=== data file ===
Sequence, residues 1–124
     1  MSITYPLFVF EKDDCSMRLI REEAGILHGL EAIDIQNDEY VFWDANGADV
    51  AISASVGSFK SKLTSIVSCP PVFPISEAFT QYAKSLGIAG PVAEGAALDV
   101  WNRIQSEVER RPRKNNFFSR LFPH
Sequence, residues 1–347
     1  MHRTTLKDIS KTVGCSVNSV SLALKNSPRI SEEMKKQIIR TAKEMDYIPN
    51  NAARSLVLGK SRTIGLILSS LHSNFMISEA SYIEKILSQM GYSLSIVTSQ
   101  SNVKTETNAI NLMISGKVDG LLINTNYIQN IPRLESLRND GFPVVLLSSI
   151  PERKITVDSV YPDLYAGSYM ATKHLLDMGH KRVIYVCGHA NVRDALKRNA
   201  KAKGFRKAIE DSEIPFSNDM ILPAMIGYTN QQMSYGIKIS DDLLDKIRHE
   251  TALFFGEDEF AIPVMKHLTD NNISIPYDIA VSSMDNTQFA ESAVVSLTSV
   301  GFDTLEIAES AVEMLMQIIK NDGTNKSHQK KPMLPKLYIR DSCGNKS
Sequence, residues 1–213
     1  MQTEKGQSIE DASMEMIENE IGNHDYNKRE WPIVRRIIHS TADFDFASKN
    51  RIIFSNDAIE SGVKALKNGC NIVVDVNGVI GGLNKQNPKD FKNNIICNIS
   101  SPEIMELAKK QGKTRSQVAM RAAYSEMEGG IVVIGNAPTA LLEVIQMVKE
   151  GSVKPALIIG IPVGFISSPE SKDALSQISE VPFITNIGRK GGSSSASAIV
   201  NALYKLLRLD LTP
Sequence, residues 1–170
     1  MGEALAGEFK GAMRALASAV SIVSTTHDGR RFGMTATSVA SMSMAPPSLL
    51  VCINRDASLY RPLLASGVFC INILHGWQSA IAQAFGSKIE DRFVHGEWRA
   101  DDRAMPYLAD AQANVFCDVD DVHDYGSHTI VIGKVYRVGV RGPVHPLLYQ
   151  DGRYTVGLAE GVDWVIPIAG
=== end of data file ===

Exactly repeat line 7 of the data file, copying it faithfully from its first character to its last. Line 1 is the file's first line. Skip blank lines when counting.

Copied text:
    51  NAARSLVLGK SRTIGLILSS LHSNFMISEA SYIEKILSQM GYSLSIVTSQ